Many seniors in the Bay Area are already struggling to make ends meet, and it’s about to get a whole lot worse.
The growing population of people over 65 will put more pressure on limited resources and inadequate infrastructure for housing, employment, transportation and health care.
The region is not alone. Globally, the World Health Organization projects that the population aged 65 and above is expected to grow from 524 million in 2010 to nearly 1.5 billion in 2050 – an increase from 12 percent of the total population to 22 percent.
That aging boom will be even bigger in California as the population of seniors is expected to grow by two-thirds in the next two decades.
The state Department of Finance’s Demographic Research Unit estimates that by 2052, 30 years from now, people age 65 and above will account for nearly 26% of California’s total population. Without significant investment in planning, many older Californians face an increasingly bleak existence.
The impact of an aging population
California is already experiencing an ongoing retirement crisis as the population shifts towards a larger proportion of residents over the age of 65.
According to the U.S. Government Accountability Office, data from 2016 showed that nearly half of all U.S. households were headed by an individual over the age of 55 with no retirement savings. In 2015, the UC Berkeley Labor Center reported that many aging workers were unprepared for retirement and that California seniors were expected to struggle to afford even basic needs like housing and health care.
Housing — and the lack of affordable units — is one of the most complex issues facing the state and is directly tied to the state’s high cost of living. Lack of stable housing has also been linked to severe health challenges, especially those related to mobility and cognitive decline.
These challenges hit seniors especially hard. Today, in many areas of California, people over the age of 50 are the fastest growing population of homeless people.
The California Elder Index, produced by UCLA’s School of Public Health, which calculates the cost of basic living expenses for seniors, including shelter, food, medical care, transportation, and a minimal amount for other costs, such as personal care. According to the 2015 Elder Index report, 46.5% of single elders in California are unable to afford the basic cost of living. The percentage is even higher for renters, for whom 65.8% of single elders have incomes that fall short of basic needs.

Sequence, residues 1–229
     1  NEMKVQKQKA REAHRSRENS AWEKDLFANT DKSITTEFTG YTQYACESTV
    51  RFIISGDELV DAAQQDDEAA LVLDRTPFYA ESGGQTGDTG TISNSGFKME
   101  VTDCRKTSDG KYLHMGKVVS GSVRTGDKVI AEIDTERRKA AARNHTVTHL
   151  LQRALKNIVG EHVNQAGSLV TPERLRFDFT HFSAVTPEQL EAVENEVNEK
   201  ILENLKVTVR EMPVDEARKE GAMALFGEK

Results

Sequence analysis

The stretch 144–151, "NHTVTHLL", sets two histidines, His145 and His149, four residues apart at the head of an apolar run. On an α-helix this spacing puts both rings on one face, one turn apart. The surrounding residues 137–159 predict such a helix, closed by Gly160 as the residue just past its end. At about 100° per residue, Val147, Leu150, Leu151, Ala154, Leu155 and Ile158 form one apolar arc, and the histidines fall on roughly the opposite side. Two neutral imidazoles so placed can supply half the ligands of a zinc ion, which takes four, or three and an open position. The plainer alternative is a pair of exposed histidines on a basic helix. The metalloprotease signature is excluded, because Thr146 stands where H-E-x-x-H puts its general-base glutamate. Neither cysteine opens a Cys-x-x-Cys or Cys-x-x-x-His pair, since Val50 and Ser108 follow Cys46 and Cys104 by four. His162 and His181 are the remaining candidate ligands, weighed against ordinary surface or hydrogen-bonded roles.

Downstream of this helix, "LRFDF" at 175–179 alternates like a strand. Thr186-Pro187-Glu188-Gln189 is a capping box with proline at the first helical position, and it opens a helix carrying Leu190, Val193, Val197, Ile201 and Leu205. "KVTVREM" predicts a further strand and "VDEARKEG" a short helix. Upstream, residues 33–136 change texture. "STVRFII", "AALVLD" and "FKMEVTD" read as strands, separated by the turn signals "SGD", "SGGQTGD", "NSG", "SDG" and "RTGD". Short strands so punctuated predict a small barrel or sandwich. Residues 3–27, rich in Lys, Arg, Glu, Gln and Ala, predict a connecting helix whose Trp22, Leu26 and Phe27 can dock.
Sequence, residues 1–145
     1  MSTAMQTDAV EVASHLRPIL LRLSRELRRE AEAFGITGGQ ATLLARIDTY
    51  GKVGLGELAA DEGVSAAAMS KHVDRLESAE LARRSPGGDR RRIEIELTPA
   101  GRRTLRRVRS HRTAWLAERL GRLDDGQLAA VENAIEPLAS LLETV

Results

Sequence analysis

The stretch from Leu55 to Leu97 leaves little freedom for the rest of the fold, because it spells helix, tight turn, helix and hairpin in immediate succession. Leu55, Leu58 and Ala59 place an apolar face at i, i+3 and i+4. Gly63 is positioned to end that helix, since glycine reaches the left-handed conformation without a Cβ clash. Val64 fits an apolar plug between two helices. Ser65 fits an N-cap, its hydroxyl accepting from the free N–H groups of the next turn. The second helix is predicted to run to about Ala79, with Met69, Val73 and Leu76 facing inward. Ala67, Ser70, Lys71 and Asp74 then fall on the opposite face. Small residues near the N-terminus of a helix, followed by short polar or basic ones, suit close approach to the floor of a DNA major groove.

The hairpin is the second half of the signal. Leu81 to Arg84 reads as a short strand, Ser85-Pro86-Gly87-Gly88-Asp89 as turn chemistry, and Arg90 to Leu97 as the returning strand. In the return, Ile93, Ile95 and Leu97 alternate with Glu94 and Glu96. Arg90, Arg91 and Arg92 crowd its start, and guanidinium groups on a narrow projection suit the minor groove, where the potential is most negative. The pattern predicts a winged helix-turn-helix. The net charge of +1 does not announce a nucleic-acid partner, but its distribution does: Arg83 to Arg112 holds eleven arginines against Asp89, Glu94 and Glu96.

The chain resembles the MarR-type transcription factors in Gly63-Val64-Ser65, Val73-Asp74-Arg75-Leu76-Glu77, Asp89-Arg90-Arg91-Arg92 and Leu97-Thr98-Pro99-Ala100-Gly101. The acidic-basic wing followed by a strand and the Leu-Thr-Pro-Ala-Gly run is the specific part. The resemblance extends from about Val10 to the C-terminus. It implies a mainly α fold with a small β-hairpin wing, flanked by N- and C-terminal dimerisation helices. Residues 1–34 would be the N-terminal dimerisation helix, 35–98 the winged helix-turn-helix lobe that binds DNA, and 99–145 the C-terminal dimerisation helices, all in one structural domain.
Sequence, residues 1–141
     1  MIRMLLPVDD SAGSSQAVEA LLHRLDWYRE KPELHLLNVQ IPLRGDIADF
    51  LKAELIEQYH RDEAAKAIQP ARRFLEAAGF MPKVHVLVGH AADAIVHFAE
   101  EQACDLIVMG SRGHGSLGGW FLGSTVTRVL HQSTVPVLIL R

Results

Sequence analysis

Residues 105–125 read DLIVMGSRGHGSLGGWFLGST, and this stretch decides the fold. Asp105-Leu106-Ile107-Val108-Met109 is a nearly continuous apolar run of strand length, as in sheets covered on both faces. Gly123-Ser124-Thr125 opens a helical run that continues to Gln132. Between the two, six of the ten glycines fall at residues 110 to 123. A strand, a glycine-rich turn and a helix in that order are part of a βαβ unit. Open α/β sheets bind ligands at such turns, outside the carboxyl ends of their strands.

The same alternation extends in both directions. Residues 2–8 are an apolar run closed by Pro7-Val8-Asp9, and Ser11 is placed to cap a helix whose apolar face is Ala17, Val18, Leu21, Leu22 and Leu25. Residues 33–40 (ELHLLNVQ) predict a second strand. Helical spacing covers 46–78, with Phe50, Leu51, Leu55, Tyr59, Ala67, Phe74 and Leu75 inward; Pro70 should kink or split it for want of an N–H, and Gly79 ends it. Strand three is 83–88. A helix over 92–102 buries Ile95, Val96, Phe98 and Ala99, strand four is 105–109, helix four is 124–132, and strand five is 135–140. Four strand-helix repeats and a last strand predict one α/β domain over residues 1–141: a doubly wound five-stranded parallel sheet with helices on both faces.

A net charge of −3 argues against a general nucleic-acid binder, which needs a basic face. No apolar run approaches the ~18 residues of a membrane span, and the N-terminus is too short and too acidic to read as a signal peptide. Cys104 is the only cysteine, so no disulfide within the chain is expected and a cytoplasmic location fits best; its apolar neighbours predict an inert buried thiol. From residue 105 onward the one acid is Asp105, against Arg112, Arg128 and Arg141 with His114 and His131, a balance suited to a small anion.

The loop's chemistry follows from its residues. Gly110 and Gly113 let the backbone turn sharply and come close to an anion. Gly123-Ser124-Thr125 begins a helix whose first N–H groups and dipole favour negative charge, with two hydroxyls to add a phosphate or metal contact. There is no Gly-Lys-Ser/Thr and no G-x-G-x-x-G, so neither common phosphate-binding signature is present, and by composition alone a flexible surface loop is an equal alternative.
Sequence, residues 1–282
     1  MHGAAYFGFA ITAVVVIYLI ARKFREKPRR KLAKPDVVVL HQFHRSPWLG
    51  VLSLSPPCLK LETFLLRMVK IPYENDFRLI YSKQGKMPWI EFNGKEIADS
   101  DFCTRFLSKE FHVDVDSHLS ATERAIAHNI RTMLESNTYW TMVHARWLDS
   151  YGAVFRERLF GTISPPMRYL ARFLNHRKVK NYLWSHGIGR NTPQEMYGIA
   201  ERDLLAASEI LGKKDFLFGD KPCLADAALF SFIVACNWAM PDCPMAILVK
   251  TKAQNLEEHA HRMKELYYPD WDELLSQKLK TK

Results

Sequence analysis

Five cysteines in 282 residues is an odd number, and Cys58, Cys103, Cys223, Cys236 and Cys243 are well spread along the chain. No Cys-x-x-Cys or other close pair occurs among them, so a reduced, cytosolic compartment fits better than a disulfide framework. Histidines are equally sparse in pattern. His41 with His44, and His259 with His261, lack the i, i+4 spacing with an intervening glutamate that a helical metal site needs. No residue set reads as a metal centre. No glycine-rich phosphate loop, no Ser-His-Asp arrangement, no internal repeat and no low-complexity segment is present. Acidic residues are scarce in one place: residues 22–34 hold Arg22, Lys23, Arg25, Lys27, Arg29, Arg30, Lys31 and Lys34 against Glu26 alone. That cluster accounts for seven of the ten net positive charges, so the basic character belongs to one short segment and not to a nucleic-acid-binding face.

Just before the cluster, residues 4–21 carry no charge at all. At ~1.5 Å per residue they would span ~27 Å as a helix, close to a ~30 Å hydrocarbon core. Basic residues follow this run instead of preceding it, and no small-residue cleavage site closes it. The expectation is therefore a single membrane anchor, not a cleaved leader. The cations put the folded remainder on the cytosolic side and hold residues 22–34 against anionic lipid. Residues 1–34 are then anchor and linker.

The population of seniors in poverty is twice as high for seniors of color, a population that will grow to make up over half of California’s seniors by 2035. According to the findings of the UC Berkeley Labor Center, seniors of color, on average, have half the income of white seniors in California, and largely lack access to the systems that would help them prepare for retirement, such as employer-provided retirement plans.
For many seniors, this means that an unexpected expense or change to their circumstance can ruin their chance of stability as they age.
Priscilla Essert, former executive director of Vintage House Senior Center in Sonoma, has seen this happen with many seniors.. “I will never forget one woman who was living on her own and happy, doing very well. She was prepared for retirement and had plenty of money when she fell victim to one of those online Social Security scams that target seniors.”
The impact was devastating. “She lost her $300,000 savings and had to move in with her daughter,” recalls Essert. “This woman was taken advantage of and lost everything.”
What’s being done to prepare for an aging population
Given the predicted demographic shifts, the state is putting effort and resources toward anticipating and planning for the shifting needs that come with an aging population, as well as caring for seniors who face these challenges now.
These aging trends are significant — but not a surprise to state planners.
California Gov. Gavin Newsom issued an executive order in June of 2019 calling for the development of a Master Plan for Aging. The plan establishes goals and strategies for multiple public agencies and private organizations to tackle the issues posed by an aging population and build a “California for All Ages” by 2030.
This blueprint lays out five core goals along with 23 strategies and 123 action-ready initiatives for 2021-2022. The five key objectives are:
GOAL ONE: Housing for All Stages & Ages
The housing component calls for flexible living options, saying: “We will live where we choose as we age in communities that are age-, disability- and dementia-friendly and climate- and disaster-ready.”
The plan seeks to provide millions of new housing options to help people age well. Housing plans for seniors need to factor in household size; proximity to transportation, community centers and other public spaces; and disaster preparedness. They also need to adapt to changing needs as seniors age.
GOAL TWO: Health Reimagined